The difficult birth of a statue

Looking grumpy about the time it took to erect

“I think I can see my brother from here”

Visitors to Kings Park can’t help but notice the memorial to John Forrest. As imposing a statue as the man was in life, it didn’t have an easy time coming into being.

Firstly, the organising committee tried to raise money from the public, both here and in England. Perth residents were mostly uninterested, and contributed very little. As a result, by 1921 the Brits got all sulky and decided to spend their cash on a stain glass window to Forrest in St Paul’s Cathedral, London.

So the committee had to go, somewhat predictably, to the government and beg some cash to get their statue. But it three more years before anyone got round to doing anything about it. And then the choice of sculptor, the England-based Sir Bertram Mackennal, caused outrage.

Perth had its own very popular sculptor, Pietro Porcelli, who had already done a good job on Forrest’s brother, Alexander. In addition, Pietro had known Forrest, so might have seemed like the obvious candidate. Instead. someone with a ‘Sir’ in front of their name got the job.

In March 1926 a large box arrived at Fremantle and was shipped to Kings Park. And there it was dumped in a shed and forgotten about. Rumours started to spread that Mackennal had created such an ugly statue no one was prepared to put it on show. No one from the Kings Park Board bothered to contradict this, so it quickly became the received opinion.

The reason for the delay is still mysterious, and it took nearly eighteen months for the memorial to be erected, and finally unveiled in August 1927.*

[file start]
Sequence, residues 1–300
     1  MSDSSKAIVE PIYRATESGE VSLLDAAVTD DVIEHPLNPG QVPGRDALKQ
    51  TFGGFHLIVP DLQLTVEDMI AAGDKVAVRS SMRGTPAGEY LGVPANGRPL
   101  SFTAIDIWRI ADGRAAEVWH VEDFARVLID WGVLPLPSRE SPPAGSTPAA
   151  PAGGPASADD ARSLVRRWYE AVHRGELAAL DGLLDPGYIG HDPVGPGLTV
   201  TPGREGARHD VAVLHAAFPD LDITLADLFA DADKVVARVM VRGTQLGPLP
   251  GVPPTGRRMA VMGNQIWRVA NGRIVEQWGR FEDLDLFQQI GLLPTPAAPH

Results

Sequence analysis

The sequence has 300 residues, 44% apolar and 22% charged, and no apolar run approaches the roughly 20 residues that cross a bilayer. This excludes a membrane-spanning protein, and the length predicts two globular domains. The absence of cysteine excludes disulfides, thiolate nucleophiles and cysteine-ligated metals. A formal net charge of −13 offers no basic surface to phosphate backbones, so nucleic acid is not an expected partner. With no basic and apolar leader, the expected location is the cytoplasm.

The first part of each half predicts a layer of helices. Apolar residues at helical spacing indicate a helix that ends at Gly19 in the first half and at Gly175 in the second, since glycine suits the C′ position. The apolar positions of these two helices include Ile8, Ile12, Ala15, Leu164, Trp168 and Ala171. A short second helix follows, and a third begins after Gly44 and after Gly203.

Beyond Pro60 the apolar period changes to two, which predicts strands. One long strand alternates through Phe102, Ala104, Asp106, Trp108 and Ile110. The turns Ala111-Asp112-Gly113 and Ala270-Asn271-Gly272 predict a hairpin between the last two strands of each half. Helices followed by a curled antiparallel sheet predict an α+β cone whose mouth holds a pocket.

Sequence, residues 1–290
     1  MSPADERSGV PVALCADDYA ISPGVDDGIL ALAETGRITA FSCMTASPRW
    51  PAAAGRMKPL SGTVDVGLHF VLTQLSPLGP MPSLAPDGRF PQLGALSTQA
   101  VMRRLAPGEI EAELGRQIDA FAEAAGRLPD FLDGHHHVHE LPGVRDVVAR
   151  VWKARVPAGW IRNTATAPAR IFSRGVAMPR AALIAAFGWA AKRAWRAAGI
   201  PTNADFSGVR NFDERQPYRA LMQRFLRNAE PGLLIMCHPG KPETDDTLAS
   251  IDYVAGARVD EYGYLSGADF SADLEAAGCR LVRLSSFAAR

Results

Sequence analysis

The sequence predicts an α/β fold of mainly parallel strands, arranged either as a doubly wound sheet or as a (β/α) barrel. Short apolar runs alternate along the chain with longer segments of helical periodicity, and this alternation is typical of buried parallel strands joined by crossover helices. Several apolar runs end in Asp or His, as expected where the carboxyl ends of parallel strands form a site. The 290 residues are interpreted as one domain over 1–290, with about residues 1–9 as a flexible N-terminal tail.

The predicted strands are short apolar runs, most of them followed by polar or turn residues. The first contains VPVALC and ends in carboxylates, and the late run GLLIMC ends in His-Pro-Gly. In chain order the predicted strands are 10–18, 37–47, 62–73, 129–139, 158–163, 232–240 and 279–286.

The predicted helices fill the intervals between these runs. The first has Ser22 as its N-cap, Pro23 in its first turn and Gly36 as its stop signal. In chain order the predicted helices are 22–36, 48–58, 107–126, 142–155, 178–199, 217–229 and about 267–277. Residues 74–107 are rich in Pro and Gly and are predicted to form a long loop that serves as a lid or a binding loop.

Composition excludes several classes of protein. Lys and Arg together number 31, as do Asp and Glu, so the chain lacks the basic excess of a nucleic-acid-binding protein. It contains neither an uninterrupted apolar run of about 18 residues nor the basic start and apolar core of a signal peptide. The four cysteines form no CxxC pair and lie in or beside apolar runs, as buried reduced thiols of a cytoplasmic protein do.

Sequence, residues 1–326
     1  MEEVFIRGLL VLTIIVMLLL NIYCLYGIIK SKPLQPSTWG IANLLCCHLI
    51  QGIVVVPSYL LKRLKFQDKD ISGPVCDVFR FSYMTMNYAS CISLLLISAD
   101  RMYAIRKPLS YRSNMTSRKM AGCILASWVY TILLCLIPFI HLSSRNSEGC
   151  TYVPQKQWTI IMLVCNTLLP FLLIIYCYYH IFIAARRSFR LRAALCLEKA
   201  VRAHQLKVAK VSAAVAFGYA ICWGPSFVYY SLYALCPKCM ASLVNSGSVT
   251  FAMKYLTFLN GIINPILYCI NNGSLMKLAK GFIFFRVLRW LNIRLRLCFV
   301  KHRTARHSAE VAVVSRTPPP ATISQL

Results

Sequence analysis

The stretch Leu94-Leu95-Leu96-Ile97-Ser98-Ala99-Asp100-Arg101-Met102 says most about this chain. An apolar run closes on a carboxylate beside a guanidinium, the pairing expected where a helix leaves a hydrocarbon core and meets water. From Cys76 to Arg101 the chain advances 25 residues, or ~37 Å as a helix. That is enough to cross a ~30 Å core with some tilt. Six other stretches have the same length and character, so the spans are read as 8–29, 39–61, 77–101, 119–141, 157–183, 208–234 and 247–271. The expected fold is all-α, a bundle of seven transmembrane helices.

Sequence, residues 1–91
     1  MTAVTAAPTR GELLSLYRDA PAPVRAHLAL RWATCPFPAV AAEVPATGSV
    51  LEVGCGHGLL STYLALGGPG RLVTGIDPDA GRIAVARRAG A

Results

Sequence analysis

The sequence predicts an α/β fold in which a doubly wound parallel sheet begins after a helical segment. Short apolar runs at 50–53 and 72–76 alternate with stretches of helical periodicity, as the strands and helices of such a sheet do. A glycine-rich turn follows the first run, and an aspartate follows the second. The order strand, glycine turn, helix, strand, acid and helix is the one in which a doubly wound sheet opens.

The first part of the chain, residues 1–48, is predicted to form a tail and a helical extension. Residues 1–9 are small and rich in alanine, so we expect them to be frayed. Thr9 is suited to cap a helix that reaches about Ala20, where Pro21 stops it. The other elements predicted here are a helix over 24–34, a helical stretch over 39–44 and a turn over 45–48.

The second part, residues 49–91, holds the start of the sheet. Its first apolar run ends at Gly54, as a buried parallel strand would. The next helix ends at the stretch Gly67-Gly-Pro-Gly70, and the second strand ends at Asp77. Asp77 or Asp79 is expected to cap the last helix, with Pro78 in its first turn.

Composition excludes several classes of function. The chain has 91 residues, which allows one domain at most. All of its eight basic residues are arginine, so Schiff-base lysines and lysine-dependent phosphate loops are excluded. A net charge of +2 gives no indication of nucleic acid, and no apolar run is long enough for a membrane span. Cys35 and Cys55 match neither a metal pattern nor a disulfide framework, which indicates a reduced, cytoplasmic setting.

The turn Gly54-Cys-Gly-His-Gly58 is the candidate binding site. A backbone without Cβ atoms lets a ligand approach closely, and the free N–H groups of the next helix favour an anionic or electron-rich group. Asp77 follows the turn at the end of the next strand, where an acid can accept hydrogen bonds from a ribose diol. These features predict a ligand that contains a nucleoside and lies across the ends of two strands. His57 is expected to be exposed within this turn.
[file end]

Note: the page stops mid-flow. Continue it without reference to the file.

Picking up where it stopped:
And then the Mayor of Perth managed to ruin in the whole event by using his speech to rant about the lack of funding for a State War Memorial. The crowd got quickly bored by William Lathlain’s raving and walked off, leaving the Mayor talking to a near empty park.

Nothing ever goes to plan, does it?

* Note to the Botanic Garden & Parks Authority. The statue was unveiled in 1927, not 1928 as your website claims. A small detail, but we historians get all worked up about such things. Please change it so we can calm down.

What cold hands you have, my dear

A quick refresher.

Henry Whittall Venn was a pompous, portly windbag with a huge moustache. After being sacked by Forrest, he passed his final years at Dardanup where he died of heart disease on 8 March 1908.

End of refresher.

Venn is remembered for two things: trebling the mileage of the government railways, and having been an aging lothario.

Guess which one Dodgy Perth is going to celebrate?

At some point, probably early 1901, Venn was at a party when he met a young, but married, actress. We don’t know her name, which is a pity, so I’m going to call her Eve. She needs to be called something.

Since he was 56 summers old, you would think that Venn would know better than to act like a giddy teenager and believe in love at first sight. But that’s precisely what he did.

However, it had been a long, long time since he had been courting young ladies—in fact, he had been married for nearly three decades.

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